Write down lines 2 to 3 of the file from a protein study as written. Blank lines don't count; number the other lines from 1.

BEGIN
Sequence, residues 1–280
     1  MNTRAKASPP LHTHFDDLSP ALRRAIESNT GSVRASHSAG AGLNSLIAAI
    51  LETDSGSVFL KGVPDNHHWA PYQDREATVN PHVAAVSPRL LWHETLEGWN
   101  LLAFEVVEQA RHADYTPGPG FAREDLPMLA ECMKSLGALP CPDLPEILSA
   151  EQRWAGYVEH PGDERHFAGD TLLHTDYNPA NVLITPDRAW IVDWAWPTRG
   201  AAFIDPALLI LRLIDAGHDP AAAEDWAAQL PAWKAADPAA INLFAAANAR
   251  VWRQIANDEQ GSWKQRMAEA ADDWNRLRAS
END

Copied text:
     1  MNTRAKASPP LHTHFDDLSP ALRRAIESNT GSVRASHSAG AGLNSLIAAI
    51  LETDSGSVFL KGVPDNHHWA PYQDREATVN PHVAAVSPRL LWHETLEGWN